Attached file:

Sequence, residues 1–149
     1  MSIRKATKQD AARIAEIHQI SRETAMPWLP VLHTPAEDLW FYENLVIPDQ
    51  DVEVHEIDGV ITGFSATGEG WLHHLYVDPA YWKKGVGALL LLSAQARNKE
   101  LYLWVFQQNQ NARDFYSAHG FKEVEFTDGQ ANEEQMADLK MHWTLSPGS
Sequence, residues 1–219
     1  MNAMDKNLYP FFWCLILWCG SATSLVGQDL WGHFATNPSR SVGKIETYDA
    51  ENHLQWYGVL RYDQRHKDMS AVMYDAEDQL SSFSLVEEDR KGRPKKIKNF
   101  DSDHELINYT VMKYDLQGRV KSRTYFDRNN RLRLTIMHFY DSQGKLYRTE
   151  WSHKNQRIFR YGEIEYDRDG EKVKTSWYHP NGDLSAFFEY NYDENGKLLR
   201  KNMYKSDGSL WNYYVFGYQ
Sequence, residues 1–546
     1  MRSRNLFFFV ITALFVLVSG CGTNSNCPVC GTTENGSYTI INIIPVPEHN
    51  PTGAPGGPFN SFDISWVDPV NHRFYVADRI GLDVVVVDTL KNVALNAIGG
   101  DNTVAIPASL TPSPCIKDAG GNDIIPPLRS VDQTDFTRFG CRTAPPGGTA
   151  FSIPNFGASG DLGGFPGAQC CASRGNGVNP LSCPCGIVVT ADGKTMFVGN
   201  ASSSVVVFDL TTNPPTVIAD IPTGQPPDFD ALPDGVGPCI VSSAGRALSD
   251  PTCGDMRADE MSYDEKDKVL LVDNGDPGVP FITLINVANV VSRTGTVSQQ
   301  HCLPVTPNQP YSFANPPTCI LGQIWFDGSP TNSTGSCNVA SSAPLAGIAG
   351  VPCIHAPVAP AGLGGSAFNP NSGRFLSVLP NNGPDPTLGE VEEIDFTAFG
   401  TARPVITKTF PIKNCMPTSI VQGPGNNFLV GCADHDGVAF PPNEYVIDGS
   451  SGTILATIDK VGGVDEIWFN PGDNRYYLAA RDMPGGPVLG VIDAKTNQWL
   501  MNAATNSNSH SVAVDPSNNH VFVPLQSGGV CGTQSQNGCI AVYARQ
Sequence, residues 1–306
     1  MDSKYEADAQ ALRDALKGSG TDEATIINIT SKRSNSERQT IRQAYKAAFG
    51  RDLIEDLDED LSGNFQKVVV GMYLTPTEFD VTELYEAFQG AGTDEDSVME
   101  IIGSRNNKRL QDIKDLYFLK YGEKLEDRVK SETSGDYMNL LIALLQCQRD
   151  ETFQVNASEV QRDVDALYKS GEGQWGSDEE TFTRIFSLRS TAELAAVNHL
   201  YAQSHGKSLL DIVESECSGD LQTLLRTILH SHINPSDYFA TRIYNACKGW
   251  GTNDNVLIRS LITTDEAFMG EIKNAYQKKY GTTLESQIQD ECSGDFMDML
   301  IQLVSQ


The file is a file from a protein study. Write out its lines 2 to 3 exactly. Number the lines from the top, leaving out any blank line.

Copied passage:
     1  MSIRKATKQD AARIAEIHQI SRETAMPWLP VLHTPAEDLW FYENLVIPDQ
    51  DVEVHEIDGV ITGFSATGEG WLHHLYVDPA YWKKGVGALL LLSAQARNKE